students, benefit from SWPBS systems.
• Students with disabilities may be served
at any tier.
• Significant behavioral needs are
addressed in Tier 3.
3. High-Quality Instruction &
• Promoting the use of high-quality
• Ensuring that teachers have
opportunities to learn about and use
instructional practices supported by
• Protecting instructional time.
• Monitoring student progress on regular
basis to determine progress toward
Response to Intervention (RtI)
Three assumptions (Deshler & Cornett,
1.All students can learn.
2.Teacher instruction most powerful in
predicting student success.
3.Schools must provide all students with
supports to benefit from education.
Response to Intervention (RtI)
• Universal screening.
• High-quality instruction.
• Data-based decision making.
• Frequent progress monitoring.
• Increasingly intense levels of instructional
• Fidelity measures.
From: IRIS Module (RTI for Mathematics)
• Create protected time in the schedule
so that Tier 1 literacy instruction occurs
daily from 7:45-9:15 a.m.
o Two adults in every classroom.
• Additional Tier 2 and Tier 3 instruction
at the end of the day.
o Students in lowest quartile.
o Small groups.
o Highly qualified teachers.
Video: Response to Instruction
Boulevard Elementary School
Save the Last Word for Me
• To deepen and extend our thinking
about promoting effective instructional
• Groups of four.
• Leader to be timekeeper.
• Handout 1 and homework reading
(Deshler & Cornett, 2012).
High-Quality Instruction &
Students With Disabilities
• Intensive, individualized instruction at Tier 3 may
define special education (Brownell et al. 2010).
• Use of evidence-based practices (EBPs) proved to
enhance effectiveness for students with disabilities
• Importance of differentiated instruction/Universal
Design for Learning (UDL).
• Need for administrative support for differentiated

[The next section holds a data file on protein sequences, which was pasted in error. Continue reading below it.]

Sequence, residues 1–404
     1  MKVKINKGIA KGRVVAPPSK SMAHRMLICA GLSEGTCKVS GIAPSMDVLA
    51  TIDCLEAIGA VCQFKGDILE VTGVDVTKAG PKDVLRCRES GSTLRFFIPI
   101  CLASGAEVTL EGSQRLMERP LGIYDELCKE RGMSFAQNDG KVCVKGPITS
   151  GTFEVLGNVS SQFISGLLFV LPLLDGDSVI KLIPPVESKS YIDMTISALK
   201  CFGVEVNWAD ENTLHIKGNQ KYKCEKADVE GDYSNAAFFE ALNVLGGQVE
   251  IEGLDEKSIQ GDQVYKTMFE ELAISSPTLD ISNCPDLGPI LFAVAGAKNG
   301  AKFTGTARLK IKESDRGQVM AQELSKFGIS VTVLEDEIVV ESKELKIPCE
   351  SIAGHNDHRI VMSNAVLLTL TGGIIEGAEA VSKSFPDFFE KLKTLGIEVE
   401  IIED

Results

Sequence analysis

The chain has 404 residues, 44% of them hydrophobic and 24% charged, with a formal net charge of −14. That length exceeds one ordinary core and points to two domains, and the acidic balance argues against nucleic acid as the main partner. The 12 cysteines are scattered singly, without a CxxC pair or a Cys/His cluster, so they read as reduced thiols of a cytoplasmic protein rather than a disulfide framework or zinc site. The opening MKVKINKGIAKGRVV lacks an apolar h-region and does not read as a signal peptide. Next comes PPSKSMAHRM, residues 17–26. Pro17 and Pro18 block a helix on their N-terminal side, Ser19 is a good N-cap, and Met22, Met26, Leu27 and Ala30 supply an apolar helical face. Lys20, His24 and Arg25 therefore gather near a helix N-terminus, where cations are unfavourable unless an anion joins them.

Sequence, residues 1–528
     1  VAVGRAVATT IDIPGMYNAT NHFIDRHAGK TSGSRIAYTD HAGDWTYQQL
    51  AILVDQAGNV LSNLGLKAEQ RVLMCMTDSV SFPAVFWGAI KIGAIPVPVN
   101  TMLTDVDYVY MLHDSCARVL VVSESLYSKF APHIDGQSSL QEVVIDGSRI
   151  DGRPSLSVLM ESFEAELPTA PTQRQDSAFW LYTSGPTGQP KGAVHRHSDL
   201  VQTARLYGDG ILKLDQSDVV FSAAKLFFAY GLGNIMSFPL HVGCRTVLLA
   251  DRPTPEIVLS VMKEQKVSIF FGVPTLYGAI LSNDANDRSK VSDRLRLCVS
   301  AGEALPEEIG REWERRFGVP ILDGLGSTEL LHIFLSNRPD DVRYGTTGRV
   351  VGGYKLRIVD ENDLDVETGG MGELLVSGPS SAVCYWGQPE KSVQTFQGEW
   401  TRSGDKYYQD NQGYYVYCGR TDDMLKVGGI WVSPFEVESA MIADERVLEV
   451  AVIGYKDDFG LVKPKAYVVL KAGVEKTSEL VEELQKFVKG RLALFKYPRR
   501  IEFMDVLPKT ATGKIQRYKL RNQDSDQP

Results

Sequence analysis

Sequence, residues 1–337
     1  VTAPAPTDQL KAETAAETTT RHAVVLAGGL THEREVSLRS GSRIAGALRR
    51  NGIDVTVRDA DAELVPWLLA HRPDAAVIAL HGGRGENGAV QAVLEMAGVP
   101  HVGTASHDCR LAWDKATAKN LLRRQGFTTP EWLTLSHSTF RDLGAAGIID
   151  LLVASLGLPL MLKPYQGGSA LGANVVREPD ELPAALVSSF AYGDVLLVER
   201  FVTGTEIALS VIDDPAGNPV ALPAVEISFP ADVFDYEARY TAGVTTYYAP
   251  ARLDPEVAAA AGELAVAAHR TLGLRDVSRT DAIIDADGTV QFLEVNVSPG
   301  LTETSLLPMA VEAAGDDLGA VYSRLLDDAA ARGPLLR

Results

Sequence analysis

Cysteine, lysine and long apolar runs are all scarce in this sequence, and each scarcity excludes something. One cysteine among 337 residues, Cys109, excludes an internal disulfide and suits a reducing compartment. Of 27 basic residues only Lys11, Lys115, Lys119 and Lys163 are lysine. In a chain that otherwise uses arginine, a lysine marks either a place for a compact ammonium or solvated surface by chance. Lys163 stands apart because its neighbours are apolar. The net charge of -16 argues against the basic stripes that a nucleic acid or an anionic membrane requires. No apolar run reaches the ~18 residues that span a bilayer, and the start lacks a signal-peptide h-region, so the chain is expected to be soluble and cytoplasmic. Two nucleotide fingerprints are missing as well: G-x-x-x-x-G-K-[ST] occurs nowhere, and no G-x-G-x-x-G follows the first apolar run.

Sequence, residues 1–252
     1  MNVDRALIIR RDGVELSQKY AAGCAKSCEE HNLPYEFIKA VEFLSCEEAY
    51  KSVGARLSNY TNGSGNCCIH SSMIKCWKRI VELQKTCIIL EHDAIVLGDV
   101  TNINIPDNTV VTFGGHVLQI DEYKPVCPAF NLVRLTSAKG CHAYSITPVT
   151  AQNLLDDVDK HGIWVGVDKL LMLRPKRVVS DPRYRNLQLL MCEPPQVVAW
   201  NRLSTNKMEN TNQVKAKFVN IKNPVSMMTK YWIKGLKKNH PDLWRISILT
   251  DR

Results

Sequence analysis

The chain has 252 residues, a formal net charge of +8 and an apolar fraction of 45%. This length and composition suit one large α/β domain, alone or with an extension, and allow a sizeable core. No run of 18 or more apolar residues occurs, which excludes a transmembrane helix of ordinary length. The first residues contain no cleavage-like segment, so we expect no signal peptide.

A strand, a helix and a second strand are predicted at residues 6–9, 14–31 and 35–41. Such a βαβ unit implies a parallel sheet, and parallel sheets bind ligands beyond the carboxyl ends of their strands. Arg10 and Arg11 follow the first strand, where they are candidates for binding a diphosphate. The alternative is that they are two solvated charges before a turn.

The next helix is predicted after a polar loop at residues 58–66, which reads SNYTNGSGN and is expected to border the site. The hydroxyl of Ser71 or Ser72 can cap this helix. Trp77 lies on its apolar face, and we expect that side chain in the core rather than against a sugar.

instruction at the school level:
o Professional learning.
o Collaborative cultures.
o Support individual teachers’ efforts.
Use of one’s “knowledge, skills,
and abilities . . . in an
environment conducive to
teaching and learning”
Ladson-Billings, 2008, p. 207 (emphasis added)
• Recruiting and hiring.
• Teacher induction.
• Ongoing, embedded professional
learning (professional learning
• Supportive culture:
o Inclusive culture—collective responsibility.
o Collaboration among teachers.
o Effective communication.
• Effective job design:
o Clarity about valued activities.
o Schedules that supports instruction and
• Instructional supports:
o Protects teachers from interruptions and
unnecessary clerical tasks.
From a Special Educator
"My environment is wonderful. I have a really
strong support system, and the principal is
flexible and gives us feedback. She gives us
ideas about what to do with reading too. She
trusts us and allows us to make the decisions,
which is very powerful for teachers . . . I am
not isolated. Isolation and student behavior is
why a lot of my friends leave teaching.”
(Bishop, Brownell, et al., 2010, p. 87)
Instructional Leadership at
• Principals are not the only leaders.
• Multiple individuals take responsibility for
• Roles may be formal or informal.
• Teachers play a major role in inclusive
• Numerous examples of teacher leadership
in special education.
Billingsley, B. (2007). Recognizing and supporting the critical roles of teachers in special education
leadership. Exceptionality, 15(3), 163-176. [In special issue, titled, The Changing Landscape in Special
Billingsley, B., McLeskey, J., & Crockett, J. B. (2014). Principal leadership: Moving toward inclusive and
high-achieving schools for students with disabilities (Document No. IC-8). Retrieved from University of
Florida, Collaboration for Effective Educator, Development, Accountability, and Reform Center website: